On July 19, Google announced the release of the first full version of the open-source quantum programming framework Cirq: Cirq 1.0.
Cirq is a Python framework for writing, manipulating, and optimizing quantum circuits. It's designed for recent quantum computers with hundreds of qubits and thousands of quantum gates, and cirq 1.0 supports the vast majority of workflows for these systems, and has a stable API that Google says will only update when the major version number changes.
Cirq uses semantic versioning, which means that future point versions of Cirq will be compatible with the full version. For example, Cirq version 1.1 does not make significant changes to the Cirq interface in version 1.0; Significant changes occur only if there is a major version change, such as from 1.x to 2.0.
Cirq code example:
import cirq qubit = cirq.GridQubit(0, 0) circuit = cirq.Circuit( cirq.X(qubit)**0.5, cirq.measure(qubit, key='m') ) print("Circuit:") print(circuit) simulator = cirq.Simulator() result = simulator.run(circuit, repetitions=20) print("Results:") print(result)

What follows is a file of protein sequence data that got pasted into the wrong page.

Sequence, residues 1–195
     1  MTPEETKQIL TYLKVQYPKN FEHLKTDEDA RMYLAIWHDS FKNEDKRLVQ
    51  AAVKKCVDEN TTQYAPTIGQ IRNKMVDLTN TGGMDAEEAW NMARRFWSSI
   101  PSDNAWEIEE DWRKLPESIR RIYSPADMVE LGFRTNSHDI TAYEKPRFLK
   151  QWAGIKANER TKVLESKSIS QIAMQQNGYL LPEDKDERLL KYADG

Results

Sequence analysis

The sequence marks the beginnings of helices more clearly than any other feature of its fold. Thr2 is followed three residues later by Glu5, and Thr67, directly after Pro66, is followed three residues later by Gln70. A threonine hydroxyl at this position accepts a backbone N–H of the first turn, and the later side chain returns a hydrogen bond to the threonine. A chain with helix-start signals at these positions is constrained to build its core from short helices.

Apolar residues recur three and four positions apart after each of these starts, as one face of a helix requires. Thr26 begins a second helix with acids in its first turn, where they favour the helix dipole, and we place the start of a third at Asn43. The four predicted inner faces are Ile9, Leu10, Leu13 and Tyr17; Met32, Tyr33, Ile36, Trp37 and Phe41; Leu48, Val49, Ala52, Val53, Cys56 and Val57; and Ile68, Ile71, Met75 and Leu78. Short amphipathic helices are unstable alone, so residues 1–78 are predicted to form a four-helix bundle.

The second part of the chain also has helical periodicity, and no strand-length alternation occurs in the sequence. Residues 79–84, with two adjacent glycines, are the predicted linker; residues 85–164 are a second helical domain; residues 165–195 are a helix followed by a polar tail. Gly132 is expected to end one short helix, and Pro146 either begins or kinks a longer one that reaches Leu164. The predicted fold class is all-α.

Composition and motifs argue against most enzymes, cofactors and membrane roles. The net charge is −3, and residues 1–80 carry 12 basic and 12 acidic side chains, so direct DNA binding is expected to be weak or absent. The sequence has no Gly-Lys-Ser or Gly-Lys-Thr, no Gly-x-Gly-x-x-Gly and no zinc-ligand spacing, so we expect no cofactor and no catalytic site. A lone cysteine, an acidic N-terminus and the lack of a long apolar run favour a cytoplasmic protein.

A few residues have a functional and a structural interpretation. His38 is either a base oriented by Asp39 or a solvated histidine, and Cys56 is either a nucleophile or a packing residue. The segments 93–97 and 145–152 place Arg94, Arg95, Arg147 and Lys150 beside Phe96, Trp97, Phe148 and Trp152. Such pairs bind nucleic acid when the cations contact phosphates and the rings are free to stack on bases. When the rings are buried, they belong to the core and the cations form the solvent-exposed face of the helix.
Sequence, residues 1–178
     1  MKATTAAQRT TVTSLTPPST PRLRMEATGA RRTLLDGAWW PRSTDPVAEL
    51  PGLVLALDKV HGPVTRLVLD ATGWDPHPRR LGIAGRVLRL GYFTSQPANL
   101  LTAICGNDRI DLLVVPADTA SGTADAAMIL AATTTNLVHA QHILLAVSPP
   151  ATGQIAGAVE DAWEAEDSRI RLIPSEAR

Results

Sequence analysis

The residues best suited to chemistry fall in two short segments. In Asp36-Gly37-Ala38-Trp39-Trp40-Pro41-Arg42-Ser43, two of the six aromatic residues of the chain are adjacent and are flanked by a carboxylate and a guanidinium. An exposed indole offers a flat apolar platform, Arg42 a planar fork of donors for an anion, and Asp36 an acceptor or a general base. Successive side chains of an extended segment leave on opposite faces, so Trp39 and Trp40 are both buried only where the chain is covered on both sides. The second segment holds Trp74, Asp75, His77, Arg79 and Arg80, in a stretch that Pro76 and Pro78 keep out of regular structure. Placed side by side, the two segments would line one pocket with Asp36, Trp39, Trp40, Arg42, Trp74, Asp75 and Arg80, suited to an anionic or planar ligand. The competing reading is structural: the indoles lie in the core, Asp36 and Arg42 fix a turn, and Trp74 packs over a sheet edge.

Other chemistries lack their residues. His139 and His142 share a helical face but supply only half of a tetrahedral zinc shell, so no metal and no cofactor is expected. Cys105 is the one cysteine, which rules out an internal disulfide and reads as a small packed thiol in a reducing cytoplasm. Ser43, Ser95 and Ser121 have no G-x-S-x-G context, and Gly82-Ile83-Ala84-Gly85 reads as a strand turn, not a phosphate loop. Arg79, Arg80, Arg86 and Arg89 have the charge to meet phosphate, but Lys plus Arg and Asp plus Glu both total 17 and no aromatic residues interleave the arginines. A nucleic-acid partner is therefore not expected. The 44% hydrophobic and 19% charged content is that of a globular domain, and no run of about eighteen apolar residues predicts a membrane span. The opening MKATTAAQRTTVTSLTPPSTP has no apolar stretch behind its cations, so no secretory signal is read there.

A healthy community has now been built based on Cirq to support different areas of quantum computing research. These libraries include:
- TensorFlow Quantum: A tool for exploring quantum machine learning. Using TensorFlow Quantum, the researchers trained a machine learning model on 30 qubits at a rate of 1.1 petaflops per second (1.1 x 1015 operations per second).
- OpenFermion: An open source tool for chemical simulations involving quantum computing.
- Pytket ( pytkey-cirq ): An open source Python tool for optimizing and manipulating quantum circuits.
- Mitiq: An open source library developed by the non-profit Unitary Fund for error mitigation techniques developed by the non-profit Unitary Fund.
- Qsim: High-performance state vector emulator written using AVX/FMA vectorization instructions with optional GPU acceleration.